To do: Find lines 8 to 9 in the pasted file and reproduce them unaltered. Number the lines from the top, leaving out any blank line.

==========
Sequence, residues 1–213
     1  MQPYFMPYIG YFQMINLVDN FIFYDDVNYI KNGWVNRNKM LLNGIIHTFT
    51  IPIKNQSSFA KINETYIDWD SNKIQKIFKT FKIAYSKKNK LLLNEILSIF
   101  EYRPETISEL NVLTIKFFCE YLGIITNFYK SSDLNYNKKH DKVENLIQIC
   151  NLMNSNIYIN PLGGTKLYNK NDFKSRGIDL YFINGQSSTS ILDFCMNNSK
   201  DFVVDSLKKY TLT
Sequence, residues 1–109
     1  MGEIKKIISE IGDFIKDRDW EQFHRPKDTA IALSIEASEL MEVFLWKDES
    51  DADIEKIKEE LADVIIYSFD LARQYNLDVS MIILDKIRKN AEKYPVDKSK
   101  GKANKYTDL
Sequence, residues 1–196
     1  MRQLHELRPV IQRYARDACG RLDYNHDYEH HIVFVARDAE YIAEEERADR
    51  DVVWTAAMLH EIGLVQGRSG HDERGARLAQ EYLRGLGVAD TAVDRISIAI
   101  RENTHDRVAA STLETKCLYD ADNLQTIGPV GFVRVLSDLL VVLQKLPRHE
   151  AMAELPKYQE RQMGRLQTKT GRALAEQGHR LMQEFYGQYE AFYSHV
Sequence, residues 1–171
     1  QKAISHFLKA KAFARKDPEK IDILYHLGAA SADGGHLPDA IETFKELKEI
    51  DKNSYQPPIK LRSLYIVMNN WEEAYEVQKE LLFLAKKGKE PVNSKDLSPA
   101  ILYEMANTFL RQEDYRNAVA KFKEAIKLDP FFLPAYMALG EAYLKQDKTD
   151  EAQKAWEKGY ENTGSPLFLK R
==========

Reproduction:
     1  MGEIKKIISE IGDFIKDRDW EQFHRPKDTA IALSIEASEL MEVFLWKDES
    51  DADIEKIKEE LADVIIYSFD LARQYNLDVS MIILDKIRKN AEKYPVDKSK